The first issue of the Knowledge Management for Development Journal to be published by Routledge (Volume 5, Issue 1, 2009) has now appeared, focusing on the subject of KM in organisations. Guest editors of this issue comprised Ewen Le Borgne, Catherine Vaillancourt-Laflamme and Ivan Kulis. The issue has been produced in the context of the Information and Knowledge Management Emergent Research Programme (IKM Emergent)
This special issue focuses on organisational knowledge management strategies and their role in facilitating learning among and between Northern and Southern development organisations. Many development organisations have knowledge management and/or learning strategies, but these are often not known outside the organisation itself. Where these strategies have been shared outside the organisation, they have often been publicised informally but not widely distributed to a broader public. Learning about how other organisations are undertaking knowledge management is a way to hold up a mirror to our own practice and understanding.
Three papers in this issue attempt meta-analyses of development organisations’ approaches to knowledge and learning. The first paper in this issue ‘Head Office attitudes toward inter-organisational learning in Irish non-governmental organisations’. In this paper, Caroline Forsyth and Malcolm MacLachlan examine the dynamics of organisational learning between non-governmental organisations (NGOs) working with health-related projects in Africa. The strengths, weaknesses, opportunities and threats associated with organisational learning were explored through key informant interviews with representatives from 10 NGOs, undertaken in 2006.
The second paper ‘Organisational energy and other meta-learning: case studies of knowledge management implementation in nine Asian countries’ by Serafin D. Talisayon provides comparisons of two sets of cases. The first set comprises learning and knowledge sharing processes across 22 case studies of knowledge management practice from the corporate and public sectors in 9 Asian countries. The second set is based on the initiation, implementation and initial outcomes of 21 case studies of knowledge management in the development sector in the Philippines. A salient observation that emerges across all cases is the importance of managing motivational factors for such initiatives to succeed.
In the third paper ‘The tip of the iceberg: tentative first steps in cross-organisational comparison of knowledge management in development organisations’, Ewen Le Borgne and I investigate the variety of knowledge management and learning policies and strategies that have been developed by various development organisations in the past decade. It draws upon over 30 case studies yet offers but a glimpse of the current reality because organisations are always documenting or publicising their learning-focused activities. This article is based on an ongoing inventory of organisational KM strategies, available as a Google document.
The first case study ‘Swiss roots with multi-cultural and multi-linguistic branches: the challenges of sharing and building on knowledge at Intercooperation (Jane Carter, Pascale Aubert, Arjumand Nizami, Alain Cuvelier, Julia Randimbisoa and Lorena Mancero) focuses on the experiences of a Swiss international development organisation in promoting knowledge management. It notes that participatory learning is strongly embedded in organisational practice, and has led in the past decade to more pro-active knowledge management. This is examined through the lens of the ‘multiple knowledge variables’ of gender, seniority, specific belief systems, field-head office interactions, working function, language and organisational culture. A variety of impacts of knowledge management are discussed, taking specific examples from Latin America, Madagascar, Pakistan and India.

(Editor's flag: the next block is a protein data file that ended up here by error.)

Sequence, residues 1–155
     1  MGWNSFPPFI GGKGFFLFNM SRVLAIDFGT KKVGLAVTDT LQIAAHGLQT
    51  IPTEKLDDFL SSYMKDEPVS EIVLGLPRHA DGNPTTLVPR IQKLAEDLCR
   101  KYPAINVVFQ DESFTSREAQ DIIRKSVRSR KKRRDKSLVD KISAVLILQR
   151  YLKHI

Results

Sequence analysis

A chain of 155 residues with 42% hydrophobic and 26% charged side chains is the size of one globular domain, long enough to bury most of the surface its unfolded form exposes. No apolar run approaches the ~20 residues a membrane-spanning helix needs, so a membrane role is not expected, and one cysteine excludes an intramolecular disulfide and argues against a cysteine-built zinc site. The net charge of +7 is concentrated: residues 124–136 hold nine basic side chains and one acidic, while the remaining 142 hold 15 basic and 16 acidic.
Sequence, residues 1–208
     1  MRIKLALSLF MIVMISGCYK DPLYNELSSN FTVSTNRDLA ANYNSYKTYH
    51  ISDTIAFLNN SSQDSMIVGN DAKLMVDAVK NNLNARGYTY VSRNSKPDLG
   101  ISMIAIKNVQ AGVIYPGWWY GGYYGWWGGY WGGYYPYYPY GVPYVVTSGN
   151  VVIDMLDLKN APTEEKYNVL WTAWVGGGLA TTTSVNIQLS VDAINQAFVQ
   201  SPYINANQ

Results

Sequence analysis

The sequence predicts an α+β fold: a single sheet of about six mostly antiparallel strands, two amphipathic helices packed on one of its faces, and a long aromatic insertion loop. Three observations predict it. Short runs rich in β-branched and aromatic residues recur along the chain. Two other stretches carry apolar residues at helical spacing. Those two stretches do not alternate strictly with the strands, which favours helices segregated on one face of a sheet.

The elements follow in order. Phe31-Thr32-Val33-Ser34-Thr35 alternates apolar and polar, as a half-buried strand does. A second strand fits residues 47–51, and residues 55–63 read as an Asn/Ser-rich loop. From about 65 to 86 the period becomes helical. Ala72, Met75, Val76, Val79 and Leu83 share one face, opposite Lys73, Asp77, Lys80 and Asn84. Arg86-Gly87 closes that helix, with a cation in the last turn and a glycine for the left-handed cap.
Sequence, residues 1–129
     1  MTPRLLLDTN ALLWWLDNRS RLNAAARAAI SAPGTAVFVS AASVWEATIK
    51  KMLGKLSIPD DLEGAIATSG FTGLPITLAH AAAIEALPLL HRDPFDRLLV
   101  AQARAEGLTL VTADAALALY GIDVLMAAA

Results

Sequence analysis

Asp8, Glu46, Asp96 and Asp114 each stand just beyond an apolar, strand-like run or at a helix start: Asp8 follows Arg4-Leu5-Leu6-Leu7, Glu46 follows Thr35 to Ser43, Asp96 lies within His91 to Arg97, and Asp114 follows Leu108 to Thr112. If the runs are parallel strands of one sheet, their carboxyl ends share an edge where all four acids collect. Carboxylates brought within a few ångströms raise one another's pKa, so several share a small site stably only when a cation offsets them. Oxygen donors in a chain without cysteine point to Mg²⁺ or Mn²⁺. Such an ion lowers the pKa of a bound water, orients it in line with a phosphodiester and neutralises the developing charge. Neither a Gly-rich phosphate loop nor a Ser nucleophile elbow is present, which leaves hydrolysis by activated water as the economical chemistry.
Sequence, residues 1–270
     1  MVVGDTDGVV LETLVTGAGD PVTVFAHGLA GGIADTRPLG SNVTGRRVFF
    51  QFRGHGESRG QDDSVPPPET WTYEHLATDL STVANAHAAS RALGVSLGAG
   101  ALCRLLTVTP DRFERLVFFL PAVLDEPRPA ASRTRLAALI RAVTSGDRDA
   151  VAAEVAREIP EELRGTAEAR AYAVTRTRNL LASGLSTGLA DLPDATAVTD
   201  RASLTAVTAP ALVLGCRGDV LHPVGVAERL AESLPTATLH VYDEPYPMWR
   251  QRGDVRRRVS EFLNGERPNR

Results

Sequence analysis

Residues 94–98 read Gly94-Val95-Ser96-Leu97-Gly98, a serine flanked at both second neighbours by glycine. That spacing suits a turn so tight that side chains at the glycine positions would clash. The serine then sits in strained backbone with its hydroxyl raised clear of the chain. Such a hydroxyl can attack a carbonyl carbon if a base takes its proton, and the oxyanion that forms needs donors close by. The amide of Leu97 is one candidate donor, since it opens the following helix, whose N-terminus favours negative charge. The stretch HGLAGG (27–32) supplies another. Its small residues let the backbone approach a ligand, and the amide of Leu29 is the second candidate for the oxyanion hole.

In the second case study ‘Knowledge integration for development: the Hivos approach’ (Josine Stremmelaar) describes the development of the Knowledge Programme of the Humanist Institute for Development Cooperation (Hivos), based in the Netherlands. In 2007, Hivos developed a ‘knowledge integration’ programme on issues imperative to the work of civil society organisations and the development sector at large. By integrating various forms of (new) knowledge, such as academic knowledge, practitioner knowledge, educational and cultural expressions of knowledge, new insights can be created and strategies formulated.
The third case study ‘Revisiting the Eastern Indonesia Knowledge Exchange (BaKTI)’ by Petrarca Karetji describes the current functions of BaKTI, an organization which aims to facilitate discourse, interaction, knowledge sharing and collaboration . This case study provides an update on BaKTI’s current journey, and reflects on the process BaKTI has undergone since 2005.
Filed under: Hivos, IKM Emergent, km4dev, knowledge management, knowledge strategy, management, organisations, Publications, Working Group 3 | Tagged: case studies, IKM Emergent, journal, KM4D, km4dev, knowledge management, organizations, practice, Working Group 3 |